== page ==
. Research the charity before making a donation. Donors may inquire about the status of a charitable organization by using the Charity Search feature on the Secretary of State’s website at www.sos.sc.gov, and review registered charities’ financial information including total revenue, total expenses, fundraising costs, and the percentage spent on charitable programs.
. Make sure the charity you are donating to has a long track record of helping those in need. Beware of fly-by-night organizations that appear right after a disaster and that can disappear just as quickly.
“With crowdfunding sites and social media, it has become far too easy for scammers to deceive the generous and well-intentioned,” Hammond said. “Consider limiting your donations to organizations with a long track record of transparency and accountability, and that have the infrastructure to make sure your donations get to those who need it most.”
. Don’t be pressured to make a donation right away. If a person or charitable organization asking for a donation is legitimate, they will welcome the opportunity for you to independently review their mission and their record of charitable activity before making a donation.
. Know who’s calling before pledging a contribution over the phone. If you receive a call from a professional solicitor, they must disclose the following at the time of the call: that he/she is a paid solicitor; the name, location and purpose of the charity; and the registered, true name of the professional fundraising organization for which he/she works.
. Don’t give out your personal or financial information over the phone. This includes your birth date, Social Security number, credit card number, and bank account information. When in doubt, hang up.
. Notify the Secretary of State of any concerns you have about a charitable solicitation. In 2017, the Secretary of State’s Office launched its Online Charitable Solicitation Complaint Form. This online application allows donors to confidentially file a complaint with the Division of Public Charities, 24 hours a day, seven days a week. You can also call the Division of Public Charities at 1-888-CHARITI (242-7484).
In short, help will be appreciated. But it has to get to the people doing the helping — not those out to make quick bucks by victimizing those trying to help the victims.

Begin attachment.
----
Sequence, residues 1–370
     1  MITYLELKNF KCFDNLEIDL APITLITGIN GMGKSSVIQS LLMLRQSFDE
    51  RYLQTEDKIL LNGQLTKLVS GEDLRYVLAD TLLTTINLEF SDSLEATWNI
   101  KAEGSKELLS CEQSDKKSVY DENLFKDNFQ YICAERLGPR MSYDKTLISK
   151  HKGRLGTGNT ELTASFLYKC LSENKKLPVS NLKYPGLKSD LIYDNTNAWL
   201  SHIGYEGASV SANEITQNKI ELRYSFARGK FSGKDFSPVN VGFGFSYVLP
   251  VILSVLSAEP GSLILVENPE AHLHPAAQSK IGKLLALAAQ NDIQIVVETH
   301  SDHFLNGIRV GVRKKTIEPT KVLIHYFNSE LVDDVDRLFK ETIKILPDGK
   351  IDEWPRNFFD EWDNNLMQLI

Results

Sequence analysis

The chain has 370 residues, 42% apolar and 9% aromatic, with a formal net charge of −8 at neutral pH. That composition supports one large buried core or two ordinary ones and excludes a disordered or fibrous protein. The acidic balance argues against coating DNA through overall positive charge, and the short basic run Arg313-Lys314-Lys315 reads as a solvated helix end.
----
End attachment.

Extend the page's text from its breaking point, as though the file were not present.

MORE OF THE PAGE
Index-Journal of Greenwood on people helping those affected by Florence:
It is indeed true that the Lakelands was largely spared this past weekend. Many preparations were made and the best forecasting was, for quite some time, indicating much of the region would receive tremendous rainfall and tropical force winds. We had some power outages, we had some trees and limbs down, as well as some street flooding.
In short, most Lakelands residents were blessed while our neighbors in both Carolinas were not so fortunate. And for many, the situation remains dire. Florence has long since dissipated, but floodwaters remain and more are expected as rivers rise and spill over their banks.
So while we have seen a return to summer-like temperatures and skies, many, many others continue to struggle in the storm’s aftermath, trying to put their lives, their homes and their businesses back together. But not without the help of others, including many here in the Lakelands, who are compelled to share their time, talents and money in assisting Florence’s victims.
There are many who are making generous donations to nonprofits, such as the Red Cross and The Salvation Army, who have disaster relief teams they readily mobilize. And there are more who have underwritten relief efforts being carried out by area residents who want to help. They are supplying funds, materials, food and other supplies that will make their way to some of the hardest hit areas.
One such effort is headed by Steve Cribbs, owner of LifeTime Group, Sports Break/Break on the Lake businessman Kevin Prater and James Long, owner of Lakelands Overhead Door. They’re mobilizing a convoy that will set up a kitchen at a church in the Wilmington, North Carolina area. From there, they intend to feed chicken to volunteers, evacuees and National Guard troops.
They’re busy enough folks already, running their businesses, but they and those who have responded to their call for help serve to remind us that while there is plenty of bad in this world, there also exists plenty of good. At times, the word “mankind” might sound like an oxymoron. But not when we witness such humanitarian acts for total strangers.